Rollover plans seemed like a great idea when AT&T introduced them in 2007. Any unused allowance from one month may be rolled over into the following month, often with some limits and caveats. In some markets, rollover plans come and go and are seen as something of a fad, including Verizon Chief Financial Officer, Fran Shammo. Verizon didn't follow AT&T in 2007 and are (probably) not going to follow in 2015. In an interview, he explained that Verizon is a leader and not a follower and has no plans to "go to places where we did not financially want to go to save a customer." He admitted that there will always be customers that will leave based on price and that Verizon had no plans to compete on price alone as this did not make good business sense. The interview follows December's launch of the Data Stash rollover scheme by T-Mobile, which was quickly followed by a similar offer from AT&T. And these copycat offers followed a year of fierce competition between the US carriers, or in the case of T-Mobile USA, the un-carrier.
He also spoke of the rumor that Google was to start reselling either Sprint or T-Mobile US' wireless service, now confirmed as being with Sprint. At the time, Fran said that Google offering a wireless service was an example of the search giant stirring the pot, in a similar fashion to Google Fiber being a means of encouraging the competition to offer higher broadband speeds. Google's entry into the wireless service market would be a means of encouraging competition, but he refused to be drawn into speculation concerning how Google might make this work until he had seen the business plans. He did explain that Verizon has seen wireless resellers "come and go" in the last fifteen years and conceded that Google could bring price disruption into the sector.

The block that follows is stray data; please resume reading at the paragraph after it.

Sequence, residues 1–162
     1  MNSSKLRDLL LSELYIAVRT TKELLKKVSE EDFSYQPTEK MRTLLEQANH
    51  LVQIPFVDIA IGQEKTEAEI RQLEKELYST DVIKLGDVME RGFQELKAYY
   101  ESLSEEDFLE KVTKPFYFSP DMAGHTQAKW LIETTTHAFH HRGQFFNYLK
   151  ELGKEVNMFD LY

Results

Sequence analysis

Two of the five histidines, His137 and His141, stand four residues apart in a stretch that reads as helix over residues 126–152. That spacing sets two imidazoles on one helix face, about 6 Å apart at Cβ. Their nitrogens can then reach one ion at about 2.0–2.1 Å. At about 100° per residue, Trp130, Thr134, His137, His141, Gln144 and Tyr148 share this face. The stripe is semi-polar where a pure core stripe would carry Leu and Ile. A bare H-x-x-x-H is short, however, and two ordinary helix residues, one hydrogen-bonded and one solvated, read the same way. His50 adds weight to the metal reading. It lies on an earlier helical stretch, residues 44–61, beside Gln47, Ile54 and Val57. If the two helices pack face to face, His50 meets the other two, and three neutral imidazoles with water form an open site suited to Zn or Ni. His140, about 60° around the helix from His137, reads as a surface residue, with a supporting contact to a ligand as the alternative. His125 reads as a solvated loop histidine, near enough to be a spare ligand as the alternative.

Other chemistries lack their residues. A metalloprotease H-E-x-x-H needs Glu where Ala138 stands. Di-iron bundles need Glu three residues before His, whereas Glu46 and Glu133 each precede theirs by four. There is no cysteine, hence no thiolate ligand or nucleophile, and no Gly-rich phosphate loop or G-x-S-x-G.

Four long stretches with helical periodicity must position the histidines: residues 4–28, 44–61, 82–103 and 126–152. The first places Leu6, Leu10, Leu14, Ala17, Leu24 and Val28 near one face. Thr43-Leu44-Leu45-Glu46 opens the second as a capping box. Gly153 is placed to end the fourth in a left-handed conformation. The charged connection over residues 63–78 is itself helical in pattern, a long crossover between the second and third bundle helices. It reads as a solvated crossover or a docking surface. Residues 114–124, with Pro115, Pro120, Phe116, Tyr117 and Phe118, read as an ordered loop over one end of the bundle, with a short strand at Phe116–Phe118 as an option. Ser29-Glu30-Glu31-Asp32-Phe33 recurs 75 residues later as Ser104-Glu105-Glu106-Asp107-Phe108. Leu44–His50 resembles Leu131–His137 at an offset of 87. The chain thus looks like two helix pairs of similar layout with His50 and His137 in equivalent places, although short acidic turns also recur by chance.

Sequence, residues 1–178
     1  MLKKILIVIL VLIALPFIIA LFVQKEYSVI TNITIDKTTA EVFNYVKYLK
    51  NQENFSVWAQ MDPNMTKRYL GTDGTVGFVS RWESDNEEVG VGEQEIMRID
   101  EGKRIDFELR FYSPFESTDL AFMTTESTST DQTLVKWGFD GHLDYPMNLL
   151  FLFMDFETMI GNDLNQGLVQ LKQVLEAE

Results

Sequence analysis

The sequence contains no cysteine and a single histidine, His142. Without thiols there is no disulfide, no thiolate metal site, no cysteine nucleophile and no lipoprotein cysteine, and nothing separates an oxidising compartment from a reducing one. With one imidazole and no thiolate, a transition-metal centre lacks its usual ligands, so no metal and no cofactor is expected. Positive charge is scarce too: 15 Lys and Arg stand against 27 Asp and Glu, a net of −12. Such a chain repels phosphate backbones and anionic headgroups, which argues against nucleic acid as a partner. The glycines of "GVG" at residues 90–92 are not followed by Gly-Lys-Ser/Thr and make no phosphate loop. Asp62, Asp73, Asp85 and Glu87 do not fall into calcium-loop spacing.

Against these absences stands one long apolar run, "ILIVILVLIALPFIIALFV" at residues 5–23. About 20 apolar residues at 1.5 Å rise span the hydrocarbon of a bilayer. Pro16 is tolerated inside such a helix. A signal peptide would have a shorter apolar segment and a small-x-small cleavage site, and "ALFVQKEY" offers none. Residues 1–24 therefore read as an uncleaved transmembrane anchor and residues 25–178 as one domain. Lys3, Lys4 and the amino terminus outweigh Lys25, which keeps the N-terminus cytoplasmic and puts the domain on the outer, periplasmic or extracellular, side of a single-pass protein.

Verizon's stance on price competitiveness shows that the business appear to be drawing a line in the sand to try to distance themselves from the unpleasantry of the price war. Big red's fourth quarter 2014 earnings showed strong subscriber growth but an uptick in customer turnover, or churn, and reduced margins owing to competitive pressures. They're going for quality over quantity, keeping churn rates down. And they are right to do so: loyal customers are sticky customers, that is, they tend to stick by their preferred carrier through thick and thin. This is good for ARPU, Average Revenue Per User, which is one of the favourite metrics that investors like to value a wireless carrier by. Ultimately, happy and loyal customers make for happy and loyal shareholders.